When it comes to file sharing, it doesn’t get much easier than Dropbox. Dropbox is another cloud service that makes it super easy to share files via email or chat. Unlike Google Drive and Microsoft OneDrive, which work best if you’re sharing files with people that have a Google or Microsoft account, Dropbox is a great way to share files with people outside of your organization – be that clients or suppliers.
The free plan lets you send up to 2 GB per transfer, while the maximum file size for paid plans goes all the way up to 2 TB.
- Easy to use
- Share files using your browser or the desktop or mobile app
- Drag and drop files directly from your device into your Dropbox folders
- Change permission level to allow others to view, comment on, or download the file or folder without needing a Dropbox account
- Set expiry dates for shared links and add password protection for extra security
- You and your recipients can save online materials to review offline
- The large maximum file size is ideal for sharing videos and other large files
- Only up to 2 GB per transfer with the free service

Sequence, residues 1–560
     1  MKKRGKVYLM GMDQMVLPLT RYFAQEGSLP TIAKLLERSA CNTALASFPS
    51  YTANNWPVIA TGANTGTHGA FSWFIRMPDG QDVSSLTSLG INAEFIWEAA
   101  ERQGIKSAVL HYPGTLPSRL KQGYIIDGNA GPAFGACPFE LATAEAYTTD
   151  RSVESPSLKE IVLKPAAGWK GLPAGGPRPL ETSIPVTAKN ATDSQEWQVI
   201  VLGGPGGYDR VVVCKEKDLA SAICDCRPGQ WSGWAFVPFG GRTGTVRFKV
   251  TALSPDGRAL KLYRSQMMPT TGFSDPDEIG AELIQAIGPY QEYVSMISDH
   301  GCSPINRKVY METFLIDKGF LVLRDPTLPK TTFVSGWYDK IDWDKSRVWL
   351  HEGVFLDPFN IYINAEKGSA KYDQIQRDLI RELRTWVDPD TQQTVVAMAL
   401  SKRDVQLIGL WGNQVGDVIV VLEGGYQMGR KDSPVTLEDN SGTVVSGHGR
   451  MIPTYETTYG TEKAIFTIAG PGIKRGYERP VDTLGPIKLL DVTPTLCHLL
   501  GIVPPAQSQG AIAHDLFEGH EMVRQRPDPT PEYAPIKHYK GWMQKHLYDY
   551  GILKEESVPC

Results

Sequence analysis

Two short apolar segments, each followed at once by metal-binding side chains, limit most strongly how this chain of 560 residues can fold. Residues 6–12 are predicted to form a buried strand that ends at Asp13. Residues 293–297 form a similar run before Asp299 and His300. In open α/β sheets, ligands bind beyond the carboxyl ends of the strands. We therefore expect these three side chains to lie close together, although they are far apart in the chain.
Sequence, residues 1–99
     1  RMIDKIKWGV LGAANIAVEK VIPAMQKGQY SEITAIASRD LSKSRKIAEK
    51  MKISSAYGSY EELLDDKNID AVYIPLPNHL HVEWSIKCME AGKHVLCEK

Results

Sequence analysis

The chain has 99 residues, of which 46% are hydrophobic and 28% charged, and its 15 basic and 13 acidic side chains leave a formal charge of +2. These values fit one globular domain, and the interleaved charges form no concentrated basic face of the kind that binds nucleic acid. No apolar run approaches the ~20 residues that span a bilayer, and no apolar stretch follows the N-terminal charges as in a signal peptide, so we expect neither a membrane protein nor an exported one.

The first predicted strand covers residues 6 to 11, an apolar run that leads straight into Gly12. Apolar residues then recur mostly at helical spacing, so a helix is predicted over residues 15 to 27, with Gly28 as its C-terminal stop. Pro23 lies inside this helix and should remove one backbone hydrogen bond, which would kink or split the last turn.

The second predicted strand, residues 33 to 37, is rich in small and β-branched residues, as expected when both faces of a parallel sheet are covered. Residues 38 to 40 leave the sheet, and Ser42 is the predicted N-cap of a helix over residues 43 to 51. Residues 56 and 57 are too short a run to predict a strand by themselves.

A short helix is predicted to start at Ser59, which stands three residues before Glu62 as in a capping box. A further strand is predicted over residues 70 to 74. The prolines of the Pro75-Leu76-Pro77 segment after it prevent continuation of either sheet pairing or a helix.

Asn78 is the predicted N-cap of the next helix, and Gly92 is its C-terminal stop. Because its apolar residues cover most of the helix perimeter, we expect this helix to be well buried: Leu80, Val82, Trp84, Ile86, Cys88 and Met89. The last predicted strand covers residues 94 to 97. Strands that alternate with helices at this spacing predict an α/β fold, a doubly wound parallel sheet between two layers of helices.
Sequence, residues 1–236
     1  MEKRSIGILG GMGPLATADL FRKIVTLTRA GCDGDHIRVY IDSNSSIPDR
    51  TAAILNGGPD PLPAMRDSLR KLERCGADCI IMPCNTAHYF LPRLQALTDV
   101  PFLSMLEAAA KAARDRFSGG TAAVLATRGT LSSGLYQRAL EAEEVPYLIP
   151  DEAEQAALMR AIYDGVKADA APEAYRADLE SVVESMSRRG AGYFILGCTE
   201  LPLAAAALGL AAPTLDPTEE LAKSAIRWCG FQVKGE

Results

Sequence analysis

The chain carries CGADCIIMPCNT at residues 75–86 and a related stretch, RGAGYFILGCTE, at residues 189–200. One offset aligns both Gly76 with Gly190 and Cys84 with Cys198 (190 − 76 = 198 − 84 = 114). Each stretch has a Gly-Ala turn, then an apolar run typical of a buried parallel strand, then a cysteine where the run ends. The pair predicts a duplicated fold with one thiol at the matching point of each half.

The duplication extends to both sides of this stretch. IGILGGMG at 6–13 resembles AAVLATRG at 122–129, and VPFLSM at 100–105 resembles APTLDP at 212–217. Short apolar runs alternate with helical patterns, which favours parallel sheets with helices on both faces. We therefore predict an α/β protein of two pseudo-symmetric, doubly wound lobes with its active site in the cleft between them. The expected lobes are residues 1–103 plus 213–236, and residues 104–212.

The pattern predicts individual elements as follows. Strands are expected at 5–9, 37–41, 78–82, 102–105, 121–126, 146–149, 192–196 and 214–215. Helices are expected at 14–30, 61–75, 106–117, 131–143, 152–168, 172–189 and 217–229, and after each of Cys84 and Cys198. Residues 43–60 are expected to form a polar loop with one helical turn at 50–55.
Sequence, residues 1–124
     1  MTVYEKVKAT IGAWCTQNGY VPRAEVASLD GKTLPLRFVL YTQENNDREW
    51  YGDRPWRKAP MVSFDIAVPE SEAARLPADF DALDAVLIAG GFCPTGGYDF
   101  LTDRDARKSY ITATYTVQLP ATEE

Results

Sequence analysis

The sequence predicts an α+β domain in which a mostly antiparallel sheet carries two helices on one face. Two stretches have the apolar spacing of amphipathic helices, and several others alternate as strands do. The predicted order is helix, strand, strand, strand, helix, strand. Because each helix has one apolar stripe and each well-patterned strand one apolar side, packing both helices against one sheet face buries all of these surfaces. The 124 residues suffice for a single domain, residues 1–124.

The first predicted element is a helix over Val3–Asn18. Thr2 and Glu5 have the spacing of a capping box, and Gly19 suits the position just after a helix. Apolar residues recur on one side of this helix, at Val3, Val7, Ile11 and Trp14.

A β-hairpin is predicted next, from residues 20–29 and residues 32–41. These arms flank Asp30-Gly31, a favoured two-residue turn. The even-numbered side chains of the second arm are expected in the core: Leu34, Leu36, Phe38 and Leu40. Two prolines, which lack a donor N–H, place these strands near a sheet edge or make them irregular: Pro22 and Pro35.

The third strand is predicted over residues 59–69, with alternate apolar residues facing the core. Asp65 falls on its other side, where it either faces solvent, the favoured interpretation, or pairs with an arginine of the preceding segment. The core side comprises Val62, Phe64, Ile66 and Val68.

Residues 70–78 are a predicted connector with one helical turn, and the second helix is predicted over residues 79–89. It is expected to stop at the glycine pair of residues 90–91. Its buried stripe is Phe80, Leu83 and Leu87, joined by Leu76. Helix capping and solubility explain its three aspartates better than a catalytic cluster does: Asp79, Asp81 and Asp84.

- Limited search function, which makes it challenging to locate specific files
Paid plans start at $9.99/user per month.
5. Share files via WeTransfer
WeTransfer is a file sharing tool that lets you upload a file and share it via link or email. The free version is great for sharing small files (less than 2 GB) with no need to create an account. All you have to do is upload your file, type the recipient’s email address (plus your own), then click ‘Transfer’.
For more advanced sharing features, you’ll need to upgrade to a paid plan. With WeTransfer Pro, you can share individual files up to 200 GB in size. And with the Premium subscription, there’s no maximum upload limit whatsoever!
- Easy to use, and you can send large files in a matter of seconds
- No need for you or your recipients to create an account with the free plan
- The paid plans allow you to password protect your shared files for extra security
- Pro subscription comes with 1 TB of built-in cloud storage
- Only up to 2 GB per transfer with the free service
- Recipients need to have enough storage space to download files
- No link history, so you’ll need to upload the file again if you lose the link
- Transfer links time out after seven days with the free plan
- Need to upgrade to benefit from more advanced sharing features